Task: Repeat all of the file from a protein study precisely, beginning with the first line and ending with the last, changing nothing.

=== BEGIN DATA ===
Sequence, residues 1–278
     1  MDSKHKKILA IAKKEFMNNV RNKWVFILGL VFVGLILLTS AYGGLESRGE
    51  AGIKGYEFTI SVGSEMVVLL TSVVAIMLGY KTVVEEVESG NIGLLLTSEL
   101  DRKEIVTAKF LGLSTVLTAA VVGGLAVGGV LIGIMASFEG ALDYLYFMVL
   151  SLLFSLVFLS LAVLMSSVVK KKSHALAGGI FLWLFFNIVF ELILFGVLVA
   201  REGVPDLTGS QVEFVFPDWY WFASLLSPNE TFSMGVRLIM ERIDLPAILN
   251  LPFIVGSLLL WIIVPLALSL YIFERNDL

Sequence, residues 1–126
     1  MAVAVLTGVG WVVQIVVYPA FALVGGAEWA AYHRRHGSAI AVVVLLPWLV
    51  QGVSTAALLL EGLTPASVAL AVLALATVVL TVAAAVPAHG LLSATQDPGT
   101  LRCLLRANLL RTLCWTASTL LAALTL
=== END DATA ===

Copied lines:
Sequence, residues 1–278
     1  MDSKHKKILA IAKKEFMNNV RNKWVFILGL VFVGLILLTS AYGGLESRGE
    51  AGIKGYEFTI SVGSEMVVLL TSVVAIMLGY KTVVEEVESG NIGLLLTSEL
   101  DRKEIVTAKF LGLSTVLTAA VVGGLAVGGV LIGIMASFEG ALDYLYFMVL
   151  SLLFSLVFLS LAVLMSSVVK KKSHALAGGI FLWLFFNIVF ELILFGVLVA
   201  REGVPDLTGS QVEFVFPDWY WFASLLSPNE TFSMGVRLIM ERIDLPAILN
   251  LPFIVGSLLL WIIVPLALSL YIFERNDL

Sequence, residues 1–126
     1  MAVAVLTGVG WVVQIVVYPA FALVGGAEWA AYHRRHGSAI AVVVLLPWLV
    51  QGVSTAALLL EGLTPASVAL AVLALATVVL TVAAAVPAHG LLSATQDPGT
   101  LRCLLRANLL RTLCWTASTL LAALTL